Alan Jones

Alan Belford Jones AO (born 13 April 1941, or possibly 1942 or 1943) is an Australian radio broadcaster. He is a former coach of the Australian National Rugby Union Team and rugby league coach and administrator. He has worked as a school teacher, a speech writer in the office of the Prime Minister Malcolm Fraser, and in musical theatre. He has a Bachelor of Arts from Queensland University, and completed a one-year teaching diploma at Worcester College, Oxford. He has received civil and industry awards.

Jones hosts a popular Sydney breakfast radio program, on radio station 2GB. Jones advocates mainly conservative views, and the popularity of his radio program has made him a highly paid and influential media personality in Australia. His on-air conduct has received adverse findings from Australia’s media regulators, and he has frequently been sued for defamation.

Defamation cases

Jones has been involved in numerous defamation cases arising from his outspoken comments on radio. These have included:

1990: Jones in his role with 2UE was ordered by a court to pay over $55,000 damages for defaming David Parker, a former councillor of the NRMA, the NSW Motorists’ organisation; 2UE was also ordered to pay $80,000. Parker was defamed during the NRMA election campaign in October 1986.

1994: Jones and 2UE were sued in November by Don Mackay, president of the NRMA, alleging that Jones made a false imputations against him.

1998: Jones claimed on-air that rugby league referee Bill Harrigan was biased. Harrigan sued Jones for defamation and, in 2001, was awarded damages of $90,000.

2002: Jones and 2UE settled out of court a defamation claim by Detective Chief Inspector Deborah Wallace, a NSW police officer. Jones defamed Wallace during five broadcasts in 2001.

2008: Jones was found to have defamed Australian Olympic Committee chief John Coates in comments Jones made regarding Coates’ handling of an incident involving rower Sally Robbins’ performance at the 2004 Olympics.

2011: Jones was sued in December by health bureaucrat Terry Clout over comments made by Jones in March 2009.

Others involved in defamation proceedings with Jones have included Aboriginal woman Mary-Lou Buck, Lola Scott (previously the highest-ranking female NSW police officer), Rockdale mayor Shaoquett Moselmane, Aboriginal leader Pat Dodson, the rugby league judiciary, liquidator Ian Ferrier and his twelve partners, Racing NSW’s chief steward Ray Murrihy, rugby union chief John O’Neill (about $50,000), former Herald letters editor Geraldine Walsh (about $100,000) and QC Bob Stitt (about $50,000).

London incident

On 6 December 1988, Jones was arrested in an underground public toilet on Broadwick Street in the Soho area of London. He was taken to the Mayfair police station and charged with ‘outraging public decency’ and ‘committing an indecent act’. Jones’ friends rushed to his support, and when the case was heard in the Marlborough Street Magistrates’ Court the next day The Crown withdrew the more serious charge, with Jones pleading not guilty to the lesser charge of committing an indecent act.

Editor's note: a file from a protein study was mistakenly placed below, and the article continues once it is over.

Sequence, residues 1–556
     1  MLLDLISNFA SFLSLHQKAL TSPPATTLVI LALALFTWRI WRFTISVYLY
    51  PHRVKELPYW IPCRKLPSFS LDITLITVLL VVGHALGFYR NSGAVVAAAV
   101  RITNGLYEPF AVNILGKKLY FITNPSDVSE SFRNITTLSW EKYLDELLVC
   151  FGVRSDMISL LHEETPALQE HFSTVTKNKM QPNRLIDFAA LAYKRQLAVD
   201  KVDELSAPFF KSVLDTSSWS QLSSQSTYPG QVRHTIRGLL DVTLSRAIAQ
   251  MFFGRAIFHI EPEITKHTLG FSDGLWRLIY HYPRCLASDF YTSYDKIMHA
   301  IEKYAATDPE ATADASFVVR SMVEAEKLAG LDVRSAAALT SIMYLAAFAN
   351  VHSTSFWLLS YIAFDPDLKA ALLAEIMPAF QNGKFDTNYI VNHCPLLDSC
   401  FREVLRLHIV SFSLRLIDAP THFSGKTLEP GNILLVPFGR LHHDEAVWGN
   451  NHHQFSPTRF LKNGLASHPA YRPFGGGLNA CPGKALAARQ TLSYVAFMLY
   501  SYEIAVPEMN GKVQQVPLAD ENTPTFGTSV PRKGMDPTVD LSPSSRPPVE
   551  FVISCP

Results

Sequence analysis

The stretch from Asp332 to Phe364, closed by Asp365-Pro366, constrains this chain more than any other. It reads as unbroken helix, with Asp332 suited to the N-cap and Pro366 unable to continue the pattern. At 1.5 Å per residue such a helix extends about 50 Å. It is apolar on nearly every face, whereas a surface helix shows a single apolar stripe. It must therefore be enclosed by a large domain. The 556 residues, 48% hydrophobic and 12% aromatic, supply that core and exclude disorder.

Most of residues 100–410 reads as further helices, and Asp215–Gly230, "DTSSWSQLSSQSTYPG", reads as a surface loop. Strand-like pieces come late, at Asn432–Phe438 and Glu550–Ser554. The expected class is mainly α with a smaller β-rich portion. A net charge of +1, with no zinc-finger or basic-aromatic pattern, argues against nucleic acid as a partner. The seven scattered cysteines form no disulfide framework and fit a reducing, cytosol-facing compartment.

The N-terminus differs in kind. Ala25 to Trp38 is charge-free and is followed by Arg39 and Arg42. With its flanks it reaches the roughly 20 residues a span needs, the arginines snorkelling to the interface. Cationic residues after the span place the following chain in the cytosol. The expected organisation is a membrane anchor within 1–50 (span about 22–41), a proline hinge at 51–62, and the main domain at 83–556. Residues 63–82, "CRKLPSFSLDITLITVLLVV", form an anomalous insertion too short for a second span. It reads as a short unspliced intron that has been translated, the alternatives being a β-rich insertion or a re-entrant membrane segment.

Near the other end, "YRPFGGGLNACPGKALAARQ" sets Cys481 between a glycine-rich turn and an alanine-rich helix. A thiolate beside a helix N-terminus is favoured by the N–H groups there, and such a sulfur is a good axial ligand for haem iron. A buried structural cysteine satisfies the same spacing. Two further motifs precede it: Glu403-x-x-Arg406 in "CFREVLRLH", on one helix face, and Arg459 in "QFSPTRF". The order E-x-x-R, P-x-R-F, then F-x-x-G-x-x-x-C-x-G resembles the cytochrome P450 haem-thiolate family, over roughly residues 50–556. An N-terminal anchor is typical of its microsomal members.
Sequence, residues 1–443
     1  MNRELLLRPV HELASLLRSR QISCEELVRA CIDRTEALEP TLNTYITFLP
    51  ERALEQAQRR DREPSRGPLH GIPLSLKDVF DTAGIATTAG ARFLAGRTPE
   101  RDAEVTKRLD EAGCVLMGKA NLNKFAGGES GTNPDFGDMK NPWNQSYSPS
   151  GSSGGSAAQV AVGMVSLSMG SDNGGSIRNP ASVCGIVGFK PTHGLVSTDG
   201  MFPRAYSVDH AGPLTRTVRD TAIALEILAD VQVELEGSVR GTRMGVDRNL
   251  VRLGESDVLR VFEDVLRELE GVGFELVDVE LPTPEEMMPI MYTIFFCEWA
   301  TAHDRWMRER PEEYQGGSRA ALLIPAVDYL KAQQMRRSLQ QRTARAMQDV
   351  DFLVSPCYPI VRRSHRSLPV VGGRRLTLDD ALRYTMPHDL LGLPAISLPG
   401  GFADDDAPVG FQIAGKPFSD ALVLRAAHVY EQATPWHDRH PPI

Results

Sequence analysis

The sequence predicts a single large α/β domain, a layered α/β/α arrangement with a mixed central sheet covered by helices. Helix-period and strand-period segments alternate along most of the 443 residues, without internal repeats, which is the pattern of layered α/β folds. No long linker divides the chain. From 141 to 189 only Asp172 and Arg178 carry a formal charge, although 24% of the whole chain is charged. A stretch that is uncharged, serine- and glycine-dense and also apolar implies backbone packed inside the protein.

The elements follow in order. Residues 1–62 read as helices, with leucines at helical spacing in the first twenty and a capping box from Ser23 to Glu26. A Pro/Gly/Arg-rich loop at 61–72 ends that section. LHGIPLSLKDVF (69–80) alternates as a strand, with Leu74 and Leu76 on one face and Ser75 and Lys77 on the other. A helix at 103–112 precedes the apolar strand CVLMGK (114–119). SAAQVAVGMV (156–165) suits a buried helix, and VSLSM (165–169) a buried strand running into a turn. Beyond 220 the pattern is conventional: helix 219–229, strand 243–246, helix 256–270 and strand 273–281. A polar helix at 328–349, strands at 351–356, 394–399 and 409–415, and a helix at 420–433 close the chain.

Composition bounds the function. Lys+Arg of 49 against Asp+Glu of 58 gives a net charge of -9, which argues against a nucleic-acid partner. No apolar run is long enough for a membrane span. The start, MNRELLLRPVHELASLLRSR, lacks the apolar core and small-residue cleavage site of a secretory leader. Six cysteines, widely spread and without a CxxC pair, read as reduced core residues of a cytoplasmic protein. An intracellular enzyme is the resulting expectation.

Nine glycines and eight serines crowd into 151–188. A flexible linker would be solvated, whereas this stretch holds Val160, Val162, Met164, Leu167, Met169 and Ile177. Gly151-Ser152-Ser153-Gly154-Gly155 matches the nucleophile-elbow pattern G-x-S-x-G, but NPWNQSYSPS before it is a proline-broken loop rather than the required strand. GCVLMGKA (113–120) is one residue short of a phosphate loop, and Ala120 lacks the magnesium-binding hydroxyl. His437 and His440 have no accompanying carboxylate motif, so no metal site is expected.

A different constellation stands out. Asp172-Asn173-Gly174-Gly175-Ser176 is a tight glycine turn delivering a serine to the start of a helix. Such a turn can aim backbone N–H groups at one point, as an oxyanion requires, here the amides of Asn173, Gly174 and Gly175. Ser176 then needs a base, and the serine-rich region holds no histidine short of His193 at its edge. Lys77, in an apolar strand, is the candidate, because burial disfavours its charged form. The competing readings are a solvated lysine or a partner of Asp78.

The authorities ultimately did not present any evidence to support either charge, and the second charge was also later dropped, with Jones’ lawyers winning ₤70 in costs. Jones read a prepared statement when he first appeared back on his radio show on 16 January 1989, saying “I am and always was innocent of the charges levelled against me”. Jones has avoided talking about the incident ever since, although it is frequently raised by his opponents or those looking to highlight alleged hypocrisy in his comments.

Early contempt of court charges

In 1992, Jones was rebuked by the New South Wales Independent Commission Against Corruption for attacking former State Minister Dr Terry Metherell during evidence in an inquiry relating to Metherell’s appointment to a government job.

Also in 1992, Jones and radio station 2UE were found guilty of contempt of court after the trial of former police officer John Killen was aborted following Jones’ interview with a former Drug Enforcement Squad officer. Killen was facing a charge of conspiracy to pervert the course of justice when Jones conducted the interview and alleged that police had suffered from false accusations. The station was fined $77,000 and Jones $2,000.

Cash for comment affair

In July 1994, Media Watch highlighted Jones’ on-air promotion of Optus. Between 1999 and 2000, the Cash for comment investigation was conducted. Jones had been accused of contracting to have personal commercial support in exchange for favourable “unscripted” comments, principally for Telstra and Qantas, during his radio show. The independent Australian Broadcasting Corporation TV show, Media Watch, was heavily involved in exposing these practices.[62] The Australian Broadcasting Authority finally decided that disclosure had to be made, hence the “Commercial Agreement Register” at the Jones portion of his station’s web site. (Jones was investigated along with John Laws from 2UE).